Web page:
Hundreds of thousands of homeowners are facing more mortgage pain as interest rates are hiked.
AIB, the country's largest bank, is planning a new increase in variable rates, its chief executive has warned.
The move is expected to spark a new round of rises from other lenders, hitting around 300,000 people with variable home loans.
AIB has around 70,000 customers who have variable rates.
Every 0.25pc rise in rates adds €30 a month to the cost of repayments on every €200,000 borrowed.
Experts said a new rise in rates would push up the number of residential customers who are in arrears.
Broker Michael Dowling of Abacus Finance in Dublin said all the lenders were ready to push up variable rates, but each lender was reluctant to be the first to move. Once one goes, others will follow, he warned.
He said banks were anxious to see the average variable rate go from around 4.3pc to 5pc. That could add €1,000 a year to the annual repayments on a €200,000 mortgage.
Mr Dowling said the Government now has a hands-off approach to mortgage rates, despite having put pressure on lenders to reduce variable rates.
Last year, AIB pushed through two rises of 0.5pc each. However, speaking about the imminent rise, AIB boss David Duffy said: "It's not going to be a whole series of raises."
The revelation of more hikes came as promises by AIB to restructure 33,000 distressed mortgages were dismissed as "spin".
Mr Duffy has said the bank would contact all those in arrears and offer them a deal to restructure their repayments by the summer.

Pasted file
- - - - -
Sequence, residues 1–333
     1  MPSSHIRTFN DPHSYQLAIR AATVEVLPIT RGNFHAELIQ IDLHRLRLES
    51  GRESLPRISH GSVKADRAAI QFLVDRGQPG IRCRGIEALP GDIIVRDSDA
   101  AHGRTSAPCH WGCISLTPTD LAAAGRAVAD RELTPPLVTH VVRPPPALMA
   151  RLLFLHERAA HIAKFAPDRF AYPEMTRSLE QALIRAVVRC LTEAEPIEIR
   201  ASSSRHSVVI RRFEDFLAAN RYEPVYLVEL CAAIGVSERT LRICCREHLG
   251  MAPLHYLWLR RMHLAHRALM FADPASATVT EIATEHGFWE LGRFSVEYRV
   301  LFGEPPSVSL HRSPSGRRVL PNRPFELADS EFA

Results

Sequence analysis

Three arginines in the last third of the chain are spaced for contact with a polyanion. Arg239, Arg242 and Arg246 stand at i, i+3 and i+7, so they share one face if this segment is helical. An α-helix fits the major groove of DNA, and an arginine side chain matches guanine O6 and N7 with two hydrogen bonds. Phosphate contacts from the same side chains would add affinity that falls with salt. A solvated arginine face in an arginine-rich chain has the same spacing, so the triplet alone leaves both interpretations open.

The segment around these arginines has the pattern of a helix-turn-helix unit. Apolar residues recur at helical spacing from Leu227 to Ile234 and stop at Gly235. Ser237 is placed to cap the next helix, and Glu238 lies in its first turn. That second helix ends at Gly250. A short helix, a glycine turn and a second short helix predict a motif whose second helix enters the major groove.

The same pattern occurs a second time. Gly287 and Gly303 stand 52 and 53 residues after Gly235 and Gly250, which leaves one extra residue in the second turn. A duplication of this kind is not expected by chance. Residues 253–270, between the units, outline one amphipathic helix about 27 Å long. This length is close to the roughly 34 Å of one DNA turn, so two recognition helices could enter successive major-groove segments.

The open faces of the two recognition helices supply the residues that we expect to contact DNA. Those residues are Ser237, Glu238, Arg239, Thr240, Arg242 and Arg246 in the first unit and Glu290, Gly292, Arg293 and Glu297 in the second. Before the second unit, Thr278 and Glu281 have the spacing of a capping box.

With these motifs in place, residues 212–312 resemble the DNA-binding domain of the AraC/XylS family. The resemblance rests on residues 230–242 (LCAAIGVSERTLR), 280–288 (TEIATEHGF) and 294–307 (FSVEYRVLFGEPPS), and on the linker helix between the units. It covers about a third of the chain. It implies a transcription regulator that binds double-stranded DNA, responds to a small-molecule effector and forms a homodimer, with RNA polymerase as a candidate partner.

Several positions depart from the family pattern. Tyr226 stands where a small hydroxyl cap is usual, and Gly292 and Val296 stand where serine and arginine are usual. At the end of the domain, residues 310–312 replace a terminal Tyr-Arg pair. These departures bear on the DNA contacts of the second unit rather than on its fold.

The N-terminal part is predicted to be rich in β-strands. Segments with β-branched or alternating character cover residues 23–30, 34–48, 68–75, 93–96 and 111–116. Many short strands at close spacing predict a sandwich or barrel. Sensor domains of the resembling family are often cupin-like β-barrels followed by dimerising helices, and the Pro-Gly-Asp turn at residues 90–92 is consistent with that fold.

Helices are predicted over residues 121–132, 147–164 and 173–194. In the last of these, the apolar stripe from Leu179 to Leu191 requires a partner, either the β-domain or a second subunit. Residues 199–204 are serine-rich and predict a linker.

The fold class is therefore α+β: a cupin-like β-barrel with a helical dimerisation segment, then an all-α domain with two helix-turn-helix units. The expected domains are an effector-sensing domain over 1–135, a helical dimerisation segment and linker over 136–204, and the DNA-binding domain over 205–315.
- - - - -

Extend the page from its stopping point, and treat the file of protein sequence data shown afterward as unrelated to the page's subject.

But David Hall of the Irish Mortgage Holders Association accused Mr Duffy of engaging in "spin" when the bank said it would do deals with up to 33,000 distressed mortgage holders.
He claimed the bank had offered few, if any, distressed borrowers long-term restructuring such as split mortgages or mortgage-to-rent options.
Asked how many mortgage holders had been offered deals, an AIB spokeswoman said she had no figures at the moment.
The bank, which has been given €21.5bn by the State, claims its variable rate is one of the lowest in the market.
Meanwhile, there was a huge jump in the number of mortgages issued in the last three months of last year. This was mainly due to buyers scrambling to avail of mortgage tax relief, which has since been removed.
Some 6,000 mortgages were drawn down in the October to December period, up from 4,000 in the same three months in 2011.
For all of last year, close to 16,000 mortgages were drawn down, with a total value of €2.6bn. This is the first annual increase since 2006.
There were almost 14,300 mortgages issued in 2011, with a total value of €2.46bn, according to the Irish Banking Federation.
Experts are now predicting that €4bn worth of new mortgages will be issued this year.
Bank of Ireland, AIB and Permanent TSB have committed to ramping up their home-loan lending.
Dermot O'Leary of Goodbody Stockbrokers said AIB and Bank of Ireland alone are committed to issuing €2bn each in mortgages this year.